Regarding what footage has been revealed so far from the series, Goldsman clarified that everything shown to date is primarily from the first three episodes of the series, and it’s not just been “all the VFX shots” from Discovery — but while much has been featured of the “sudden war” with the Klingons in which the Federation finds itself, Sullivan reassured the audience that Trek has always been about the “metaphor being explored in the story,” and not just props, sets, or visual effects… but also commented that “the utopian Federation vision… doesn’t mean there is no conflict on the path to [reaching] that vision.”

Finally, Goldsman once more reiterated to the Las Vegas audience that Discovery is set within the Prime Timeline – which received a notable round of applause from the crowd – and also shared that while the series will center around the Klingons as a primary alien focus, with “significant portions of the narrative… from [their] point of view,” we’ll also get to see a “medium deep-dive” into Vulcan culture, as well as some familiar other fan-favorite species along the way.

*   *   *

Following next was a four-person cast panel, featuring first-time appearances from Discovery actors Mary Chieffo (L’Rell), Kenneth Mitchell (Kol), Sam Vartholomeos (Ens. Connor), and newly-announced Wilson Cruz (Dr. Culber).

As with the writing team, each of the actors gave some background on their Trek credentials – Mitchell had been watching Trek for some time, while Chieffo was first exposed to the franchise through the 2009 Trek film – but they’ve both been binge-watching Trek since they were cast. Mitchell also called out his Klingon research, mentioning that he also read John Ford’s seminal Trek novel The Final Reflection once he was cast in the role.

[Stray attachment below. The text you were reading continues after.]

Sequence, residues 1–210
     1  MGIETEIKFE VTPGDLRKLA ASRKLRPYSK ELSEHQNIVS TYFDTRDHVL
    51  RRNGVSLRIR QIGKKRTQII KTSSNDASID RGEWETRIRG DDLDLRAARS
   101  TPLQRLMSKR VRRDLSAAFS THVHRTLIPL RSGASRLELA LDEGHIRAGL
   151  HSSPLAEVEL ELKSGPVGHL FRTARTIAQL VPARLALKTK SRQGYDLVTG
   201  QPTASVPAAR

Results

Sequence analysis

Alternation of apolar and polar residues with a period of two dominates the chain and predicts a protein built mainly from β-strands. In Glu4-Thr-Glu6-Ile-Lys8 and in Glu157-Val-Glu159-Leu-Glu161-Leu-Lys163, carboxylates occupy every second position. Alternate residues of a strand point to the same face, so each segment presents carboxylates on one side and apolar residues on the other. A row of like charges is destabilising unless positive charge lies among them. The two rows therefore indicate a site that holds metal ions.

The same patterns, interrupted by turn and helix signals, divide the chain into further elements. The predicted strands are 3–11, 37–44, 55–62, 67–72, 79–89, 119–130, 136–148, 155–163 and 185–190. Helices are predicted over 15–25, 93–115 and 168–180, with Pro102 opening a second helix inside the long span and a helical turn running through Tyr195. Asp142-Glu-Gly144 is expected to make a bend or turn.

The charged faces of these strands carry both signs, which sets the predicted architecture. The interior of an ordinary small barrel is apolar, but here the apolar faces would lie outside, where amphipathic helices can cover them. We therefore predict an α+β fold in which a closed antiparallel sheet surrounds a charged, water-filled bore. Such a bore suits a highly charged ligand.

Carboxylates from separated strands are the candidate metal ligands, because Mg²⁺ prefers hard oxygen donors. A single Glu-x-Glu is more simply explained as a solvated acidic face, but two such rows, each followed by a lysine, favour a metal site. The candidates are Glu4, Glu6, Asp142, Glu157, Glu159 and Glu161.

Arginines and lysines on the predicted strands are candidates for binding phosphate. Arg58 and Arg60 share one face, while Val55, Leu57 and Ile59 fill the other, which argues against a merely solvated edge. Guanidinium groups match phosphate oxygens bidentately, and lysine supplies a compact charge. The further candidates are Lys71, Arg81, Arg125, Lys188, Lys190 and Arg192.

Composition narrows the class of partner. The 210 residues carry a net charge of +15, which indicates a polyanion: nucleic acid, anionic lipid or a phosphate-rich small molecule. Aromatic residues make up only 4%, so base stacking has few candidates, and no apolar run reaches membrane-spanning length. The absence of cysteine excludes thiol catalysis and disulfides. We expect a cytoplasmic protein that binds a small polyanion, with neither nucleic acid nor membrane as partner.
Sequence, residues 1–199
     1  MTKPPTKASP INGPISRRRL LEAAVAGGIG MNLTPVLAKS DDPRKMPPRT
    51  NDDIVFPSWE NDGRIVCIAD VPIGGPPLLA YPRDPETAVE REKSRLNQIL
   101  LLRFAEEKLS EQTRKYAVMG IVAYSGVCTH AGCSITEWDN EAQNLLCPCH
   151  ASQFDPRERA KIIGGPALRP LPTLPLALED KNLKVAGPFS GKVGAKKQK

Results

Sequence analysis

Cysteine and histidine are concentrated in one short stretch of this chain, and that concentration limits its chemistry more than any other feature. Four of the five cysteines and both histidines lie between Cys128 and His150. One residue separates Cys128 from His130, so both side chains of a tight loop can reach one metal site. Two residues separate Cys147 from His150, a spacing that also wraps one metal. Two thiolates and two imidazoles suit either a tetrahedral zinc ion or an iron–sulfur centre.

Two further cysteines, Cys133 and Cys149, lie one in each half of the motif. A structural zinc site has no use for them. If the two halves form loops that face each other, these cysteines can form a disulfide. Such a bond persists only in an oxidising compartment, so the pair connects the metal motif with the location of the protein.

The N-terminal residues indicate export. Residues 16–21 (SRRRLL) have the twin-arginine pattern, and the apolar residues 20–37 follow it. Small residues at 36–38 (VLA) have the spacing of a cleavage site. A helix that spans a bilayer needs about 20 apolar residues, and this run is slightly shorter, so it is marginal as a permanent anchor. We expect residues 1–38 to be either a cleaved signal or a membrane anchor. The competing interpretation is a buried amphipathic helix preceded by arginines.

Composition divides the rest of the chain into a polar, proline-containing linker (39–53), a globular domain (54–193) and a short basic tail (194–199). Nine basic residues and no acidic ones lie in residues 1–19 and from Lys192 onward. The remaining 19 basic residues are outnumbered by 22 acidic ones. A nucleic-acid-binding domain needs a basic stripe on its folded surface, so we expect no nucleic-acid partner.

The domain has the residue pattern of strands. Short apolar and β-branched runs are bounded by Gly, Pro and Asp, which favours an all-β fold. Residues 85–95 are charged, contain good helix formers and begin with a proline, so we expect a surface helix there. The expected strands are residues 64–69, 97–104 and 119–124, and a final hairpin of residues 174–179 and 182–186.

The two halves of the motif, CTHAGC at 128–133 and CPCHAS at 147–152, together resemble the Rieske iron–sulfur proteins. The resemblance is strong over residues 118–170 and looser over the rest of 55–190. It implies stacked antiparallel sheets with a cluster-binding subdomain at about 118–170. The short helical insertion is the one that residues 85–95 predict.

Both Mitchell and Chieffo each also spent time on their work learning the Klingon language with a pair of on-set language and dialect experts, as much of their scripted lines are fully in Klingonese – they each described the “beauty” of going full Klingon for their performances and showed off a bit of their Klingon-speak on stage to the audience’s delight.

The pair revealed some more details about each of their characters – as we discussed in our on-site interview published last night – with Mitchell’s Kol now stated as being part of “the House of Kor” who finds that the Federation’s actions in Discovery is, Kol’s words, “just another attempt from humanity to rob [the Klingons] of their identity.”

Chieffo’s L’Rell has a “very different relationship” with her fellow Klingons as compared to how the Federation views her, said the actress; one of L’Rell’s central tenants is to find a way to “conquer compromise” in her role as T’Kuvma’s battle-deck commander.